Dogs

According to the Health and Social Care Information Centre in the twelve months before February 2015,  7,227 people were treated in hospital for dog bites in England. Children aged between 0-9 years were the group with the highest rate of admissions (1,159).


Keeping safe around dogs

Follow the RSPCA’s six golden rules for keeping safe around dogs:

  1. Never leave your child alone in the same room as a dog - even your own.
  2. Teach your child never to approach dogs when they:
    • are eating or having a treat
    • have a toy or something else they really like
    • are sleeping
    • are unwell, injured or tired
    • are blind or deaf
  3. Teach your child to be kind and polite to dogs. Don’t let your child climb on dogs, pull their ears or do anything you wouldn’t allow them to do to another child.
  4. Teach your child how to play nicely with your dog. For example, your child can teach your dog some really fun tricks like shake a paw, play dead, or roll-over.
  5. Supervise your child when they are with your dog - if your dog looks unhappy, let him/her go somewhere they feel safe and happy.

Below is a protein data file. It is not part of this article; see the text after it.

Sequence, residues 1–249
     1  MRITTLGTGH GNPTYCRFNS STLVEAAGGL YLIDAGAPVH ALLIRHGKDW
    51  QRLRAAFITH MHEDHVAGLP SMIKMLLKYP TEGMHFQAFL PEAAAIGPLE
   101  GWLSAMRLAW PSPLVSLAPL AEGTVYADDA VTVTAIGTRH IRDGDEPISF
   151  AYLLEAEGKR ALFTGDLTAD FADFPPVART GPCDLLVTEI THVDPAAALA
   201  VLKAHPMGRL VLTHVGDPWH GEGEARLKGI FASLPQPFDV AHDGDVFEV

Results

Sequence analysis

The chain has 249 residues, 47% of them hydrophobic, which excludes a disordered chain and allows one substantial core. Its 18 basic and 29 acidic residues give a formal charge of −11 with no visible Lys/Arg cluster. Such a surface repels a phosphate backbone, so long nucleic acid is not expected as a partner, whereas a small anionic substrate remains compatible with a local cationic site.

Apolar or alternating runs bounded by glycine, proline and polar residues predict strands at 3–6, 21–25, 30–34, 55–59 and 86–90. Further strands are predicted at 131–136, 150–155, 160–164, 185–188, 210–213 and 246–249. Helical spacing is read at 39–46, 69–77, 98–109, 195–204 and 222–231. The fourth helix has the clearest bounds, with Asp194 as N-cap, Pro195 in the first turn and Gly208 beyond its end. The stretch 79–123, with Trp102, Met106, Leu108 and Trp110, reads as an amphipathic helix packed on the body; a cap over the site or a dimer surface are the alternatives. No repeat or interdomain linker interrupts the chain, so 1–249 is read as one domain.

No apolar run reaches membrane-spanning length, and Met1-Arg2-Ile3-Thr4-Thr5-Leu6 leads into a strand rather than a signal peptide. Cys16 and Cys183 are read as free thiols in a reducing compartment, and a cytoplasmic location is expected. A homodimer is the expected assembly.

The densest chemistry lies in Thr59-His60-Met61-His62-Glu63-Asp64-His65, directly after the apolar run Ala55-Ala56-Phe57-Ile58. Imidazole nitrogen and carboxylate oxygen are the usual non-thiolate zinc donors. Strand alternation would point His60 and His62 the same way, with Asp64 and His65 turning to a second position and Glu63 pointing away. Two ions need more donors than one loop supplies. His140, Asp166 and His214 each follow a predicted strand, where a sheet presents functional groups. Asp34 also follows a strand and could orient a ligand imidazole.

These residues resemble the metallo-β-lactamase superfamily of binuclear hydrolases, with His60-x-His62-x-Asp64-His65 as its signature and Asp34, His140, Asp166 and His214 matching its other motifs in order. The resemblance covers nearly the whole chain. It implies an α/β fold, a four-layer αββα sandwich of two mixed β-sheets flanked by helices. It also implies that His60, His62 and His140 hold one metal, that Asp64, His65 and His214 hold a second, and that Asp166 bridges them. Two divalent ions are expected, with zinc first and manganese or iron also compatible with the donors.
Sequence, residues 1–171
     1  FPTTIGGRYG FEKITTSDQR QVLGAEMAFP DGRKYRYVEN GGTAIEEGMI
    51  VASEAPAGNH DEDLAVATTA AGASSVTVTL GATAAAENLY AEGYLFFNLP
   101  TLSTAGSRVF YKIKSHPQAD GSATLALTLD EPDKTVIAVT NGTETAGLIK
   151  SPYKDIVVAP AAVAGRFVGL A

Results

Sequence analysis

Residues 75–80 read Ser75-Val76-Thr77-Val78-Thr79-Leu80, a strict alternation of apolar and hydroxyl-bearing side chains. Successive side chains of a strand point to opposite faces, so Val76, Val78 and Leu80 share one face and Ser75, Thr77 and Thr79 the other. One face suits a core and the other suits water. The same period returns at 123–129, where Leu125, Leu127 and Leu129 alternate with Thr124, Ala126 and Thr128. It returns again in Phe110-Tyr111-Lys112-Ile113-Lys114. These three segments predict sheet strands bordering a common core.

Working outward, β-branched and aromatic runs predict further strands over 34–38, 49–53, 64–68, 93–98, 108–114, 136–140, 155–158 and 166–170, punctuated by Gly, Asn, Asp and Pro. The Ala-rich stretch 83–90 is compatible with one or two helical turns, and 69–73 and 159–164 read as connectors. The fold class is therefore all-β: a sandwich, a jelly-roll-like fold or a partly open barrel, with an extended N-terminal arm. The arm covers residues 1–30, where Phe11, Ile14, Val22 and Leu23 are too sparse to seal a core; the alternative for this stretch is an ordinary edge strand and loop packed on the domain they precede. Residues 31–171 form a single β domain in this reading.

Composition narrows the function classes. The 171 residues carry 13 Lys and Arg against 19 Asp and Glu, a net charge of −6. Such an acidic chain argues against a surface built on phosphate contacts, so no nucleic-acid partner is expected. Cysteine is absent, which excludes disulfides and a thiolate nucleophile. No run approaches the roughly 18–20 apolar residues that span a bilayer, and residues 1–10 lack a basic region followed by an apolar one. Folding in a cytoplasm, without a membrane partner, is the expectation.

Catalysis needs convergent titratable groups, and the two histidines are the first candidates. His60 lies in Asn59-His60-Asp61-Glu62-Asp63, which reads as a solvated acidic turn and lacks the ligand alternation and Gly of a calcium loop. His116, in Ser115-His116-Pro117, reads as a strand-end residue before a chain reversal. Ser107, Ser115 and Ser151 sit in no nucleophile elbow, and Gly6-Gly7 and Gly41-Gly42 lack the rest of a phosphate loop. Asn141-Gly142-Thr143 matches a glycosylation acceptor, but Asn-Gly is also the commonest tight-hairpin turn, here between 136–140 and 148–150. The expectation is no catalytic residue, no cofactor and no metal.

6. Never allow your child to approach a dog they don’t know, for example when out in the park.

RSPCA materials, which include advice on how to interact safely with dogs and the behaviours that dogs use to tell us how they are feeling, can be downloaded from here: RSPCA dogs and children

Doggone safe and be a tree.com also advise children to act like a tree if they are worried by a dog running towards them when out and about.

  1. Stop running and stand up straight as a tree
  2. Pull in your branches, (your arms)
  3. And watch you roots grow and count in your head until the dog goes away or help comes, (head down)

If a child is knocked over by a dog, train them to roll into a ball like a hedgehog and keep hands and feet tucked in.

For more information visit the Be dog smart! by the Dogs Trust site


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